Category Archives: Memoir

Truce

A signed armistice on the eleventh hour of the eleventh day of the eleventh month of 1918 signaled the end of World War I. The first Armistice Day celebration was November 11,  1919. My parents had two children then. World War II ended September 2, 1945. At the end of WWII, my parents had nine children, ages six to thirty-one, and grandchildren ages up to age seven. Several of those grandsons later served in the Korean Conflict and Viet Nam.

We honored all the dead in our family—military and civilian—on Memorial Day and the living military men on Veterans Day. My mother called the May holiday Decoration Day and the November holiday Armistice Day. We spent the May morning at the Chowchilla Cemetery placing flowers on any veteran’s grave. After my father died in November 1953, my mother insisted that we adorn his grave with flowers on Armistice Day although he was a civilian during all the wars. She said, “It might look bad if his grave was bare on that day so many neighbors visited the cemetery.”

The red poppy became symbolic for Veterans Day, but my mother, a widow, seldom had a spare quarter to donate in exchange for the handmade paper flower. One year, the veteran accepted a dime and handed her a red paper poppy. She pinned it to the right side of her dress. When my brother-in-law, a WWII veteran, saw it, he insisted she move it over her heart. To keep the peace, a truce of sorts, she wore it there until he left. Then, she moved it back to the right side.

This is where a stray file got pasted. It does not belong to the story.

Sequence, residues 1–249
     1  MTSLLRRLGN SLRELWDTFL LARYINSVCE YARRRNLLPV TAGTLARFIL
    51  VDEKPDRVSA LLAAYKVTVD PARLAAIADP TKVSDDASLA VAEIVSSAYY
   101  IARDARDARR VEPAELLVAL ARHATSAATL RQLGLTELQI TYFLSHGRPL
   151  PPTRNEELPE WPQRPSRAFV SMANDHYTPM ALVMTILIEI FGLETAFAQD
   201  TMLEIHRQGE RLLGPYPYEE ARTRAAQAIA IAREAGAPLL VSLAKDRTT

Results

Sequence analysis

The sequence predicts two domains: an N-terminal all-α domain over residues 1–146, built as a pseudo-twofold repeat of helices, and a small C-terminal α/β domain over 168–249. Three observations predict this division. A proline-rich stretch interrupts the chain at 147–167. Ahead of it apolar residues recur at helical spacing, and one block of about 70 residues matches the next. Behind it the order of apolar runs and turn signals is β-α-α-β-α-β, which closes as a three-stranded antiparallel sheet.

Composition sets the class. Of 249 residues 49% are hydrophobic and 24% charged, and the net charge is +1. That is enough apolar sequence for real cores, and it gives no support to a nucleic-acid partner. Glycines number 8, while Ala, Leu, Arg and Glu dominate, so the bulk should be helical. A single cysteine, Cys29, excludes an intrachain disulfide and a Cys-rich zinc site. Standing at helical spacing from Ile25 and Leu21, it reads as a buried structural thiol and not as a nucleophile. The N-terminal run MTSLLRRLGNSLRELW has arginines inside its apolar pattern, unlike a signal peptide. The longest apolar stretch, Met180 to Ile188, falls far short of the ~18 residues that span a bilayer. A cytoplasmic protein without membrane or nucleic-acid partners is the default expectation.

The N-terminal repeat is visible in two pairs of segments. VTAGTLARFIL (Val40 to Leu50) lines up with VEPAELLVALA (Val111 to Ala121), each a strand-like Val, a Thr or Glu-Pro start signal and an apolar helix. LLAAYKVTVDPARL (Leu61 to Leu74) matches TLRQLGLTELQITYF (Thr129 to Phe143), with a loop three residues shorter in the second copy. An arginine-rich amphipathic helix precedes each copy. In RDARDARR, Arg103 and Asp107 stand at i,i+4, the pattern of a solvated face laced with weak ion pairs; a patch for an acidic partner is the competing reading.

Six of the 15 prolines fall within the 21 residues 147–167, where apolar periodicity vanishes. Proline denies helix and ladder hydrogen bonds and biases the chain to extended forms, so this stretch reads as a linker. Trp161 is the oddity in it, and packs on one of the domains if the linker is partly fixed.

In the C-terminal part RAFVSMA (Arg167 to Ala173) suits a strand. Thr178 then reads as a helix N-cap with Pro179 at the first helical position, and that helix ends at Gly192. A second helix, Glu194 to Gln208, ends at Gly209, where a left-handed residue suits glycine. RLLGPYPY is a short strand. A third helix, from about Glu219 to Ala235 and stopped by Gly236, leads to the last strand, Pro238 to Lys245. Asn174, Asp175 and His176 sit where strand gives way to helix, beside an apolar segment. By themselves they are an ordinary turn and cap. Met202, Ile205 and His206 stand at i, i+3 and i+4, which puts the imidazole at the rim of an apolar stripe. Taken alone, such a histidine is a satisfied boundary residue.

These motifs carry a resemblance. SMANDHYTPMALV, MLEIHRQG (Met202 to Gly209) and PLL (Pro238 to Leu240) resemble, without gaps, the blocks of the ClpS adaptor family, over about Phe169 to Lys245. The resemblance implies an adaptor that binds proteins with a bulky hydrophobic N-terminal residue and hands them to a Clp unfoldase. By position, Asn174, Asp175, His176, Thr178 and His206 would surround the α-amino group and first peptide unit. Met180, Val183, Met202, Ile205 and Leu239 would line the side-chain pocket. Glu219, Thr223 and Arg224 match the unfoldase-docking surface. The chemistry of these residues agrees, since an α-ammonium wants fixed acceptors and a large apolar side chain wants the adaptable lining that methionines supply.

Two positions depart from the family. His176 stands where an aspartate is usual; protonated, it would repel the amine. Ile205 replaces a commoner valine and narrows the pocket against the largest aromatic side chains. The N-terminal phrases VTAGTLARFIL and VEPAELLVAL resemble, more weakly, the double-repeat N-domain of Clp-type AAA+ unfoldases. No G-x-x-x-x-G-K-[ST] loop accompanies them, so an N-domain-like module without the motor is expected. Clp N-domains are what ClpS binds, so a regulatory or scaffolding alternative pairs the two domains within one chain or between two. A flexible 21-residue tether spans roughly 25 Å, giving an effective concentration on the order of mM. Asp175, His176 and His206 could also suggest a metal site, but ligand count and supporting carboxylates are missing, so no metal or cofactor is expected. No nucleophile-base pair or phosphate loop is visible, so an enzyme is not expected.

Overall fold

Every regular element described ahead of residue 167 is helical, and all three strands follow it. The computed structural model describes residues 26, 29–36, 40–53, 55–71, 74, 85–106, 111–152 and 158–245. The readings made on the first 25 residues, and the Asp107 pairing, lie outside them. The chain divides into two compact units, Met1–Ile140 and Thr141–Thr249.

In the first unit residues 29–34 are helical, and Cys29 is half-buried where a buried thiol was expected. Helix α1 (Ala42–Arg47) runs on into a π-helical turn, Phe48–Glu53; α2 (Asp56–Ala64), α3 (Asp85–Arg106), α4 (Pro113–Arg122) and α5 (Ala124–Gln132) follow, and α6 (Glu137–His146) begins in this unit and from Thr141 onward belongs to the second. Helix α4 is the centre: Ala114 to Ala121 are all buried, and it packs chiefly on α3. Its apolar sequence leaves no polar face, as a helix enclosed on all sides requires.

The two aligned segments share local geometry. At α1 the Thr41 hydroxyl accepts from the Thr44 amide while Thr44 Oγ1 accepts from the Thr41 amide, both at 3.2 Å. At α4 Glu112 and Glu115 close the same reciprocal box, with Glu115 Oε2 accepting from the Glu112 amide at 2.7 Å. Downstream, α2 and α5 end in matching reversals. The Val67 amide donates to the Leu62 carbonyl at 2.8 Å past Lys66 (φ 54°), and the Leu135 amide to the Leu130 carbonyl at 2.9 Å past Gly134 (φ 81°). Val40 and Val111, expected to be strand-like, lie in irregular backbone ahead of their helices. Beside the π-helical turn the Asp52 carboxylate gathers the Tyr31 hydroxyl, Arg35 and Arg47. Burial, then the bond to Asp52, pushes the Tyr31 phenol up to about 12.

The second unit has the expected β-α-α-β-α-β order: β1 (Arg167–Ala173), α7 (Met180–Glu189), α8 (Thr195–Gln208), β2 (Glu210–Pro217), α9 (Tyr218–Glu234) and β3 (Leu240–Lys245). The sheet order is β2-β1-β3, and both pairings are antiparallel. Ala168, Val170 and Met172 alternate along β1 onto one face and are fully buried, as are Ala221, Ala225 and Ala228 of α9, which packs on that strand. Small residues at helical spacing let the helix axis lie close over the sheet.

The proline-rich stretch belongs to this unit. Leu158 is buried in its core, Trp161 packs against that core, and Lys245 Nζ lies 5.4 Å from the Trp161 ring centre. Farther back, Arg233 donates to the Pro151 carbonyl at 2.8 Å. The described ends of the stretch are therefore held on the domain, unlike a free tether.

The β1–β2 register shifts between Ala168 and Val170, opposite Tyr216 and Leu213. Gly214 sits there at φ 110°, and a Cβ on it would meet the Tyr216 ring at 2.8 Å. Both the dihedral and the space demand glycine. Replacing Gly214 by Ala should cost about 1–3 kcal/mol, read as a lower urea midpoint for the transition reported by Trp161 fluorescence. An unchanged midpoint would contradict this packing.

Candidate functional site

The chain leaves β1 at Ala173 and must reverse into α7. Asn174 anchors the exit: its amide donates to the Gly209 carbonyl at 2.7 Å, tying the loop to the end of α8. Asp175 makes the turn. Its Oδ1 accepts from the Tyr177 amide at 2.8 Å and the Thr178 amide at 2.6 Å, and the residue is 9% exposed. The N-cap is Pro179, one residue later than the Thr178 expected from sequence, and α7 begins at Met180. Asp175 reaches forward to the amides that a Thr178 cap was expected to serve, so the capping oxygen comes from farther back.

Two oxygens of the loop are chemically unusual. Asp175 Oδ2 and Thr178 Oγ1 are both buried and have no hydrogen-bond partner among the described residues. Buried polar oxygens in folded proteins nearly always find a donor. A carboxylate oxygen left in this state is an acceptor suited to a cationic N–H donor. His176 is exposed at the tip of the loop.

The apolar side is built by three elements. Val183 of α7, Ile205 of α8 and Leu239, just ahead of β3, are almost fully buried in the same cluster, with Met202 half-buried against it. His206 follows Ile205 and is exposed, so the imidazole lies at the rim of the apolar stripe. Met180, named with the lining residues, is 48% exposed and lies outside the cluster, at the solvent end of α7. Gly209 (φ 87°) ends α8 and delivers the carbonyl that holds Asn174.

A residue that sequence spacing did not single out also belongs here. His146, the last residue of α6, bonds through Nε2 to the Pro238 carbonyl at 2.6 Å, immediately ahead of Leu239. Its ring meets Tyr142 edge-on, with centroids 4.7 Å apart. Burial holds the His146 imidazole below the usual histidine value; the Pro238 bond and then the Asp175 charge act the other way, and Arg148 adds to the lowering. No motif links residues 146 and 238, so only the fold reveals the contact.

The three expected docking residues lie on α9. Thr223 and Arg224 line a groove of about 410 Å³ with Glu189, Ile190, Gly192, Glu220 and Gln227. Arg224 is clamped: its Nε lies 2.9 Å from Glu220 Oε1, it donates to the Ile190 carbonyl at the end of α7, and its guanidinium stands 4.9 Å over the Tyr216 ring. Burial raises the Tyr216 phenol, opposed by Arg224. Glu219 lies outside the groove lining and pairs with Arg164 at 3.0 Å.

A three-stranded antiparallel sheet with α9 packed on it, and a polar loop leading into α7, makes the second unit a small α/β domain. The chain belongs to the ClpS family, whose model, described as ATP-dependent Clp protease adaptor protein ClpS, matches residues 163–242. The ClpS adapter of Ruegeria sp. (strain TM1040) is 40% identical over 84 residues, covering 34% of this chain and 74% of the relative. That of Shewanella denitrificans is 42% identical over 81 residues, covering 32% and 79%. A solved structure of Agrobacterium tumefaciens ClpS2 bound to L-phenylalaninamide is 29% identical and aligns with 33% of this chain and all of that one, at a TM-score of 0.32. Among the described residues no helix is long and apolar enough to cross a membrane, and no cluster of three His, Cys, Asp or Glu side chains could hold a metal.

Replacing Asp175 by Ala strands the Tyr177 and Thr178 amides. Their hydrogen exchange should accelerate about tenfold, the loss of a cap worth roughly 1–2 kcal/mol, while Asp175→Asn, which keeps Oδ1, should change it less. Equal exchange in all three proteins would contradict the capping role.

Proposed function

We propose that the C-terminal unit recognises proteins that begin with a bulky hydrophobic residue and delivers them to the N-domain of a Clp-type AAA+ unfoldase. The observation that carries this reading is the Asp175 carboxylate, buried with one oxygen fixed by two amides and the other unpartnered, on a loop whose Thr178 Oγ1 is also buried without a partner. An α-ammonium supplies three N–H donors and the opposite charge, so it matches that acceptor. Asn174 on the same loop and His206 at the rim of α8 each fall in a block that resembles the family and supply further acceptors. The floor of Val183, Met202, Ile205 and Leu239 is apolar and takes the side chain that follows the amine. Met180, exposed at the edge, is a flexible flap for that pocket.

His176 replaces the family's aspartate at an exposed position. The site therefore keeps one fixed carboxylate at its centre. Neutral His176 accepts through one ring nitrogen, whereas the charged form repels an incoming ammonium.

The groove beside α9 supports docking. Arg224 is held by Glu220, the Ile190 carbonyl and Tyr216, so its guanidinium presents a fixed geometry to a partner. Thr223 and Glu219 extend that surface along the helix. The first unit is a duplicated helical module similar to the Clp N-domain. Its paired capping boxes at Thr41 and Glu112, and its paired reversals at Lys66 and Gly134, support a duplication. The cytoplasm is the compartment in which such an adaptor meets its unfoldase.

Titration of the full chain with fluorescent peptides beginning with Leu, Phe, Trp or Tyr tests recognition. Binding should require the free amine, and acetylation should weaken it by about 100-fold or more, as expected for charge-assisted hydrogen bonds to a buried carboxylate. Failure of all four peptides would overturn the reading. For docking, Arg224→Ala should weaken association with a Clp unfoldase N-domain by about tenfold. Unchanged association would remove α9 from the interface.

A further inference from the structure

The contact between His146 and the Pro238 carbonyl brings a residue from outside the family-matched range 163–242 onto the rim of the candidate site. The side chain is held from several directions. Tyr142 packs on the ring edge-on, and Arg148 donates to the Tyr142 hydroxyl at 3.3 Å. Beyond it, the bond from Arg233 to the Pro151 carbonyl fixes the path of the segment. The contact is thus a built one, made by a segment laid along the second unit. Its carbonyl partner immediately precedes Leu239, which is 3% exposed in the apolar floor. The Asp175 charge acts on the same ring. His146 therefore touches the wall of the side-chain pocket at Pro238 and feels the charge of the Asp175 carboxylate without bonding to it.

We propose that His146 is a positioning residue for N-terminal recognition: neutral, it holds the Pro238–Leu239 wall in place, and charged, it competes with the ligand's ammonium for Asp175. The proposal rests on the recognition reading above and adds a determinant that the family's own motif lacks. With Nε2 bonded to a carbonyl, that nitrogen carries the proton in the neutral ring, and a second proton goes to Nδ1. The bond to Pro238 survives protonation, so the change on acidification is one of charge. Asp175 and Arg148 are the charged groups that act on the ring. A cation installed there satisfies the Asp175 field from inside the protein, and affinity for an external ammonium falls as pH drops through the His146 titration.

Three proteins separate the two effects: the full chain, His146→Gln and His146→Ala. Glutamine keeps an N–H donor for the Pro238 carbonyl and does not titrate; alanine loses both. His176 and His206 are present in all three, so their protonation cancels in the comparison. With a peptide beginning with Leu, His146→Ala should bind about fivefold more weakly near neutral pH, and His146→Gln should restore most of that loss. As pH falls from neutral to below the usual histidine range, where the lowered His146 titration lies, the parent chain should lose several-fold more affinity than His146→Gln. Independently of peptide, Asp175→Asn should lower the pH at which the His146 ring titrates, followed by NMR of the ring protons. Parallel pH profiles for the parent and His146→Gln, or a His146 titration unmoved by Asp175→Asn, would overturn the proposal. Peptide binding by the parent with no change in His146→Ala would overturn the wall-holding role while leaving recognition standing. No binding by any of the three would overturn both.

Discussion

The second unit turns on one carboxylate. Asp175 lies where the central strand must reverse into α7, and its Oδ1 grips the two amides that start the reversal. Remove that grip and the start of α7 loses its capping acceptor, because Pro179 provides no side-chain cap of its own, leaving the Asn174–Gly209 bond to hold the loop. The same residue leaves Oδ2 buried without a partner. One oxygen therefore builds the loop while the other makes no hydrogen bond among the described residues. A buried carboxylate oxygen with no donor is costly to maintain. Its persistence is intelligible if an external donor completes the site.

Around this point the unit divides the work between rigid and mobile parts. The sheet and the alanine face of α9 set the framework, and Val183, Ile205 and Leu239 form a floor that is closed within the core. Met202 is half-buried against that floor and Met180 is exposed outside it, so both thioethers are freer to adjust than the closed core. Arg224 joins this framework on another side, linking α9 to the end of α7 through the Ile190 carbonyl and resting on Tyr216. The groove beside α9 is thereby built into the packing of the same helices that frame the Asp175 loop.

“What’d you do that for, Grandma?” one of the grandsons born during World War II asked. “The vets pin their poppies on the left.”

“That’s why I moved it,” she said, her black brows drawn together. “They’re men, but I’m a woman.”

 

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Too Much of a Good Thing

Family stories shaped my life in hand-me-down stories of my French and Native American ancestry. DNA proves the French but disagrees on the other. That doesn’t erase the historical moment my mother blurted two full sentences in Cherokee, part of a conversation she remembered from her young years in Indian Territory, later Oklahoma. I can identify the colors and material of clothes my twin and I wore in aging black and white photos. Cloudy memories say I excelled in high school, but math transcripts disagree. I played shortstop a few times in physical education. I like to think I was good, but the truth is I was the last choice for the position.  True or false, these are part of my backstory.